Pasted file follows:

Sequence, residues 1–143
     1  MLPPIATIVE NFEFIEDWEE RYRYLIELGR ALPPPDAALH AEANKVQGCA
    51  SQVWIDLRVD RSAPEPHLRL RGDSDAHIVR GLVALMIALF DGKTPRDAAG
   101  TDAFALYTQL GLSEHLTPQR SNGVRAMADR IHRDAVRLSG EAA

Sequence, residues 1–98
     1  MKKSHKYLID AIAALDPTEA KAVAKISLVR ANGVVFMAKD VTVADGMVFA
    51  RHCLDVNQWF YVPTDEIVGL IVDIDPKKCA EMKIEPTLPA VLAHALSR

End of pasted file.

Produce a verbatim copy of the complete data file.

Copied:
Sequence, residues 1–143
     1  MLPPIATIVE NFEFIEDWEE RYRYLIELGR ALPPPDAALH AEANKVQGCA
    51  SQVWIDLRVD RSAPEPHLRL RGDSDAHIVR GLVALMIALF DGKTPRDAAG
   101  TDAFALYTQL GLSEHLTPQR SNGVRAMADR IHRDAVRLSG EAA

Sequence, residues 1–98
     1  MKKSHKYLID AIAALDPTEA KAVAKISLVR ANGVVFMAKD VTVADGMVFA
    51  RHCLDVNQWF YVPTDEIVGL IVDIDPKKCA EMKIEPTLPA VLAHALSR